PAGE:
A grieving Spearwood mother wants an independent inquiry into the death of her daughter from a suspected blood clot two weeks after she was sent home from hospital after bungled care.
One year on, Jackie Zele says she does not want another family to go through the anguish of losing a loved one from of a series of fatal oversights.
She wants to raise awareness that even seemingly healthy young people can suffer pulmonary hypertension, a form of high blood pressure in the arteries of the lungs sometimes linked to blood clots.
Her daughter Petra, 28, died at Fremantle Hospital last May, two weeks after being sent home from its emergency department with painkillers to treat what doctors said was likely be a sore muscle.
Ms Zele, who had a science degree and worked as a sustainability officer with Cottesloe Town Council, was an avid dancer who had never been unwell.
She had married the love of her life, Petros, who she met in Greece, only four months earlier.
She went to hospital on May 9 with breathlessness and pain in her lower left side near her chest.
Doctors performed an electrocardiogram, which records electrical activity of the heart, but the family believes it was not correctly interpreted and acted on.
The hospital later admitted the ECG was not normal and that it failed to label it or record the results in her discharge letter.
Mrs Zele believes that, by not acting on the test results, the hospital sealed her eldest daughter's fate.
More events were to come that would see her slip through the cracks again. When she became short of breath again two weeks later, she went to her family GP who sent her to a cardiologist for an echocardiogram, or ultrasound of the heart. In a breakdown of communication between the GP and cardiologist, the results of that test, which showed severe pulmonary hypertension needing attention, were not relayed to Ms Zele.
The next day, she collapsed and was rushed to hospital where doctors spent an hour resuscitating her. She went into a coma and died in hospital a few days later.
Five months after her death, her stunned family finally sought answers from the hospital.
"We wanted to know why this happened to someone so active and full of life," Mrs Zele said. "She was a beautiful, fit and healthy young girl."
An apology from David Blythe, acting director of clinical services at the hospital, admitted the diagnosis on May 9 was wrong.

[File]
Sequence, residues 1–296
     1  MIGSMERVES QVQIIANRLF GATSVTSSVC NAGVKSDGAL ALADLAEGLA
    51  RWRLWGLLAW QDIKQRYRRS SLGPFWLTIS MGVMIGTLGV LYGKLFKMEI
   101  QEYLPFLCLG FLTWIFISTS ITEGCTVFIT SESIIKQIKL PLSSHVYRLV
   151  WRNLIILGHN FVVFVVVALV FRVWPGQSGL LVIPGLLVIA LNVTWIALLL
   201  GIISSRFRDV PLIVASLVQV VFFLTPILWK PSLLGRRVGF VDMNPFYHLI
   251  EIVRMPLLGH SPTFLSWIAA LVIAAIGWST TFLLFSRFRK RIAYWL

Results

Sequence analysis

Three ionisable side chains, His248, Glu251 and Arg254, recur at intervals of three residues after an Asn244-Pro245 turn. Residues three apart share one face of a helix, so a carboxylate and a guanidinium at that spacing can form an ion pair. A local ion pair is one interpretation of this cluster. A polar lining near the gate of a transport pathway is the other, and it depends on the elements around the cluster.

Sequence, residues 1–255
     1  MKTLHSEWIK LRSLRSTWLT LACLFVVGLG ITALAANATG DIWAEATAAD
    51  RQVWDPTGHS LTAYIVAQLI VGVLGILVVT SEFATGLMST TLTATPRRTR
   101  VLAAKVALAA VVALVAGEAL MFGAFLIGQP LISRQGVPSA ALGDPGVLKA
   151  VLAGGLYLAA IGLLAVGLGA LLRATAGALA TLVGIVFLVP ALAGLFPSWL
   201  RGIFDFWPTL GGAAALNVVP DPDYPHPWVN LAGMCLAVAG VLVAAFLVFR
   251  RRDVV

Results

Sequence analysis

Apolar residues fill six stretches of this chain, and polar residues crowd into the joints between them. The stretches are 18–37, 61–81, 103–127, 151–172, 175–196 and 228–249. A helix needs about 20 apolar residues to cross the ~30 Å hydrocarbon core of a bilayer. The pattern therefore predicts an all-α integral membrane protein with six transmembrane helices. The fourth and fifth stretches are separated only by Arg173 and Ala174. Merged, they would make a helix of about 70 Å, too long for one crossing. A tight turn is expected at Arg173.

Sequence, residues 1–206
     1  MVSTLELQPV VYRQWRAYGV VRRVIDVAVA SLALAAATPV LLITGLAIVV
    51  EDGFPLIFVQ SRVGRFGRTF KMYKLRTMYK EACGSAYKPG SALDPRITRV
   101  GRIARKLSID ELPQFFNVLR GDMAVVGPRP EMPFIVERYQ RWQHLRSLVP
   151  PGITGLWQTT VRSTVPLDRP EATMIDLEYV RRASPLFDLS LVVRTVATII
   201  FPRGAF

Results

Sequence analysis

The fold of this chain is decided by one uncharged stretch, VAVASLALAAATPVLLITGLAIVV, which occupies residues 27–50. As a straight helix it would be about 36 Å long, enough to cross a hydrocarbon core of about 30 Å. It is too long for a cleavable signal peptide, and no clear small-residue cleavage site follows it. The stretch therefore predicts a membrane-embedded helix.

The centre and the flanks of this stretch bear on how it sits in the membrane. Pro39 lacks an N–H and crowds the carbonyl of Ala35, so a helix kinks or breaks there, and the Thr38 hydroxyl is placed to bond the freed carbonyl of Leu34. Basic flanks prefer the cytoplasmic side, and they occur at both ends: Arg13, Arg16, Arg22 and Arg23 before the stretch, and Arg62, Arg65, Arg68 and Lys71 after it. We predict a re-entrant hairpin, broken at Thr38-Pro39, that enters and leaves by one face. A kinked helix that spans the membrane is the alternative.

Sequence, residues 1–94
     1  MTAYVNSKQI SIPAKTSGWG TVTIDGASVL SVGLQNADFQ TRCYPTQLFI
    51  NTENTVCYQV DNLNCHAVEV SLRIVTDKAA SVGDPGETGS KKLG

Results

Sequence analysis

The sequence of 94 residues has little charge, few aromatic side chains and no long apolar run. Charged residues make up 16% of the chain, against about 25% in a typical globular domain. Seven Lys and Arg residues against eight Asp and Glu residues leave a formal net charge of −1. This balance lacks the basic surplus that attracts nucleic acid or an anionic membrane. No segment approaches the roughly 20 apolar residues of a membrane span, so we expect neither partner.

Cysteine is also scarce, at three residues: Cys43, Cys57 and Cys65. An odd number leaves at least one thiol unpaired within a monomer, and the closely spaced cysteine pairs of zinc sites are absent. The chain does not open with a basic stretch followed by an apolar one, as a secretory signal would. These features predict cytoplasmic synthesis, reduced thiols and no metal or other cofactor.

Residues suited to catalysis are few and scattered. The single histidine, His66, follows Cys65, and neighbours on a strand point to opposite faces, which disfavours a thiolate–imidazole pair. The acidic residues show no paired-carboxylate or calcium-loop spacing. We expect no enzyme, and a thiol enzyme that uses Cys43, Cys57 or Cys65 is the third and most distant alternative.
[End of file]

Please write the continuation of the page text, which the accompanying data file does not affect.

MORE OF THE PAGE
"On behalf of the hospital I acknowledge that the assessment that she had musculoskeletal pain was an error and I apologise unreservedly," he wrote in a letter four months ago.
Dr Blythe admitted the ECG "was not normal". "Petra had symptoms which were consistent, although not specific for, pulmonary embolism," he said. "There was no label on the ECG performed in the emergency department. This is an oversight on our part. There is no mention of the ECG in the discharge letter and no results recorded."
Dr Blythe said the doctor who saw Ms Zele on May 9 would receive counselling and education.
He said according to hospital notes, Ms Zele was not on any medication that could increase the risk of clots but he now understood she had been taking the contraceptive pill. But Mrs Zele maintains the pill was not on her daughter's notes because she was never asked.
The family has been told the case will be investigated by the Health Department's sentinel events program and has been referred to the Coroner's office.
A spokeswoman for lawyers Julian Johnson confirmed the firm was also investigating the events leading up to the death.
Mrs Zele, who has joined a support group, the WA Pulmonary Hypertension Association, says she wants to ensure there are no more tragedies.
"Nothing's going to bring back Petra but we believe her death was preventable and we don't want others to go through a similar tragedy," she said. "We trust doctors to look after us and I don't want to point the finger of blame. But we still don't have all the answers and we need to know there will be changes."
A Fremantle Hospital spokeswoman confirmed the incident had been investigated under the sentinel event program and referred to the Coroner.